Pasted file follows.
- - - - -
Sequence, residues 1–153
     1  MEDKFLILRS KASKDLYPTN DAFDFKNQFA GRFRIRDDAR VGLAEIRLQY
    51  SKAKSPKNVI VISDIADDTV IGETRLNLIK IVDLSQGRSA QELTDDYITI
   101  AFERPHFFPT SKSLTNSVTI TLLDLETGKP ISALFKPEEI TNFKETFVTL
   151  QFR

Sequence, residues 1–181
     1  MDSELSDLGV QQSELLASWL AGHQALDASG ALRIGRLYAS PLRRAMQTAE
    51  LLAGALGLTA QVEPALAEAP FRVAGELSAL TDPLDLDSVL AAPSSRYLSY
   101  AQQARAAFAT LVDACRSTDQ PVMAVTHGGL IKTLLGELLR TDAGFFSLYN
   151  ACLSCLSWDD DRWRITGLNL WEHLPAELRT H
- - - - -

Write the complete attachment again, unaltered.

Sequence, residues 1–153
     1  MEDKFLILRS KASKDLYPTN DAFDFKNQFA GRFRIRDDAR VGLAEIRLQY
    51  SKAKSPKNVI VISDIADDTV IGETRLNLIK IVDLSQGRSA QELTDDYITI
   101  AFERPHFFPT SKSLTNSVTI TLLDLETGKP ISALFKPEEI TNFKETFVTL
   151  QFR

Sequence, residues 1–181
     1  MDSELSDLGV QQSELLASWL AGHQALDASG ALRIGRLYAS PLRRAMQTAE
    51  LLAGALGLTA QVEPALAEAP FRVAGELSAL TDPLDLDSVL AAPSSRYLSY
   101  AQQARAAFAT LVDACRSTDQ PVMAVTHGGL IKTLLGELLR TDAGFFSLYN
   151  ACLSCLSWDD DRWRITGLNL WEHLPAELRT H